Genetically modified mosquitoes could be the solution to Hawaii’s quickly disappearing avian population, including the island’s famous honeycreepers, writes Michael Specter in The New Yorker:
Every four years, thousands of environmentalists gather at the World Conservation Congress to assess the state of the planet, and to consider what might be done to protect it.
The 2016 congress was held in Hawaii, which is fitting, since the state is often referred to as the endangered-species capital of the world. President Barack Obama, who was born in Hawaii, addressed the conference as it began, shortly after signing a proclamation to create the world’s largest ecological preserve. The act will protect an area of the ocean surrounding the Northwestern Hawaiian Islands that is twice the size of Texas.
Nearly ninety percent of the Hawaiian native plants assessed by the International Union for Conservation of Nature (IUCN) are threatened with extinction, and the avian population is quickly disappearing, too – including the island’s famous, melodious, and brightly colored species of honeycreepers. Climate change has played a role, and so have feral cats, invasive rats, and other non-native species.
But mosquitoes, which carry avian malaria, are a principal reason that just forty-two of more than a hundred species of native Hawaiian birds remain.
There were no mosquitoes on the Hawaiian islands until early in the nineteenth century, when they arrived on whaling ships. That meant that native birds had no exposure to the diseases that mosquitoes carry, and therefore no immunity. One way to protect the birds from malaria has been to kill mosquitoes with chemicals. But mosquitoes can breed in less than a teaspoon of water, and can do so nearly anywhere in Hawaii; their eggs are often inaccessible, hidden in rocks, caves, and the hollows of trees. Poison that can kill mosquitoes frequently also kills the plants and animals that surround them.
Science may offer a solution, however. There are now genetic technologies that, at least in theory, are environmentally benign, but could wipe out the mosquitoes that have decimated the birds of Hawaii – and those that endanger human health as well. That has many conservation ecologists tremendously excited.
Any sentence that includes both the words “genetic” and “modify” causes controversy -often, as is the case with bird preservation in Hawaii, even before the facts are discussed. Critics argue that altering genes to save birds could cause extinctions and other unknown effects, and yet this technology may present the first genuine opportunity to protect these vanishing species.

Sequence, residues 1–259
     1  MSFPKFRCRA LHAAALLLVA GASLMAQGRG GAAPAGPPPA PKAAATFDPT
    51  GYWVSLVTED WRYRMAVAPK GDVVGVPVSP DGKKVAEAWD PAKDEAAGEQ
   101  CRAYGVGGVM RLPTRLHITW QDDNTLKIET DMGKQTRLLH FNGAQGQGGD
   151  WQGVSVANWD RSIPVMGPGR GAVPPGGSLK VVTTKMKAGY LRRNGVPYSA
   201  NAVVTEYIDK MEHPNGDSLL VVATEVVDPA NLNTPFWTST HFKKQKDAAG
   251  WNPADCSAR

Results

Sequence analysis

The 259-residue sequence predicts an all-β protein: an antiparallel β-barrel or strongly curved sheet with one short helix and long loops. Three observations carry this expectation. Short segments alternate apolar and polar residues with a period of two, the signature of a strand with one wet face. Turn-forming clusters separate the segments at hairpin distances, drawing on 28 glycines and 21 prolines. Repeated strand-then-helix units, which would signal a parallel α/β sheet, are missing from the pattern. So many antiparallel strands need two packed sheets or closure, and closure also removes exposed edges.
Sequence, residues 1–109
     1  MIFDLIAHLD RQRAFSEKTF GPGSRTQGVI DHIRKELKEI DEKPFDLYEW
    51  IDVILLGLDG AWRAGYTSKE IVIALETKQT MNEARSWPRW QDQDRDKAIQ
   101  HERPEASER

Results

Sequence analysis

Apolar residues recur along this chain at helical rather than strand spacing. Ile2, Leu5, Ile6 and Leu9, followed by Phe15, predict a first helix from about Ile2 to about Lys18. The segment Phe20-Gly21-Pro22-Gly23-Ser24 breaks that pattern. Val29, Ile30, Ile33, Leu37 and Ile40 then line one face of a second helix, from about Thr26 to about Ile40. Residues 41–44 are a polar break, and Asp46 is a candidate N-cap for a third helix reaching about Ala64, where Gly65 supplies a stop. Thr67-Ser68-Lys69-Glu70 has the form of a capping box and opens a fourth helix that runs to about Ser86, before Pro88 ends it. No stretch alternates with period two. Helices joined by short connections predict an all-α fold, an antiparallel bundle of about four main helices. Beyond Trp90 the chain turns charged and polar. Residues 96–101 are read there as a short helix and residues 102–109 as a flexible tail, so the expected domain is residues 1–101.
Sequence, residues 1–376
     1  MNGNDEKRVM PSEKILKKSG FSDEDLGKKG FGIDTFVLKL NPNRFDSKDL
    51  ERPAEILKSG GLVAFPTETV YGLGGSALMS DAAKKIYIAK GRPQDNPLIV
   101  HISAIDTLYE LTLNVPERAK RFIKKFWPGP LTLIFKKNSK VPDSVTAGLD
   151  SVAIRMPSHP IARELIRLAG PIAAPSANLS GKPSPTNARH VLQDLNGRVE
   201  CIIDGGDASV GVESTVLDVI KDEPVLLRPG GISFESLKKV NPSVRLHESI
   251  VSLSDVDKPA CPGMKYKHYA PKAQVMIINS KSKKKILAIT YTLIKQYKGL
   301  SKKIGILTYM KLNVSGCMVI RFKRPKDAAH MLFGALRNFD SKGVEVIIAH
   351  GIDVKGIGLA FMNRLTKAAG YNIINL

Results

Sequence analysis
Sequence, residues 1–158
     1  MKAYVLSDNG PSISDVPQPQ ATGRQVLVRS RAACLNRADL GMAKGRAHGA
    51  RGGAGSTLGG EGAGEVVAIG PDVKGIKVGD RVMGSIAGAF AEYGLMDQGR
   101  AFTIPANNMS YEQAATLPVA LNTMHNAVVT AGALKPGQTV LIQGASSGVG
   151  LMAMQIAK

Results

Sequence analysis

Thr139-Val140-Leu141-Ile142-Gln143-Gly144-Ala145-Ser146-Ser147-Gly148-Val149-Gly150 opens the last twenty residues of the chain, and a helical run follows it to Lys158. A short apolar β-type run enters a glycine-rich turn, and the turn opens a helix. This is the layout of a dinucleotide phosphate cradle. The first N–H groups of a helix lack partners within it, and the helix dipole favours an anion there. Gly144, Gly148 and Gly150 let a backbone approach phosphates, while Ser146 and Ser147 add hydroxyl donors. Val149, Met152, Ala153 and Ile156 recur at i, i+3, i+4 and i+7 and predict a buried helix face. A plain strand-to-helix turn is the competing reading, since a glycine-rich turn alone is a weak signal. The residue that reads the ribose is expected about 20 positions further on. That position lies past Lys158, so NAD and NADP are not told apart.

There are essentially three genetic approaches that might save the birds of Hawaii. The first would be to introduce mosquitoes that have been genetically modified to become sterile, or are programmed to die quickly. This technique is not new: I wrote about the technology for this magazine in 2012, when the British company Oxitec, which stands for Oxford Insect Technology, embarked on an attempt in Brazil, among other places, to eliminate Aedes aegypti, the mosquito species that carries the viruses that cause dengue fever, yellow fever, Chikungunya, and Zika. The data from Brazil demonstrated clearly that, after the release of millions of sterile males, the number of mosquitoes capable of transmitting dengue fever fell markedly. (Only females bite; if they mate with sterile males, their eggs will never mature.)
A related approach involves deploying Wolbachia bacteria, which can prevent viruses from entering the salivary glands of mosquitoes. The third approach is by far the most controversial, and the least likely to be used anytime soon: gene-drive technology.
Advanced technologies offer tremendous opportunities and daunting risks. With gene drive, the stakes are particularly high, and we need to discuss them carefully – to decide as an informed society how we want to proceed. That will require caution, collaboration, and plenty of debate.
Perhaps people will conclude in good faith that the price of saving birds from extinction – or saving the hundreds of thousands of children who die from diseases transmitted by mosquito bite each year – is too high, and that the risks are not worth the effort. Or they might conclude that it would be callous not to try. That is a choice that will affect us all, and it should not be left to scientists or journalists or a small coterie of single-minded activists who speak only in the language of fear.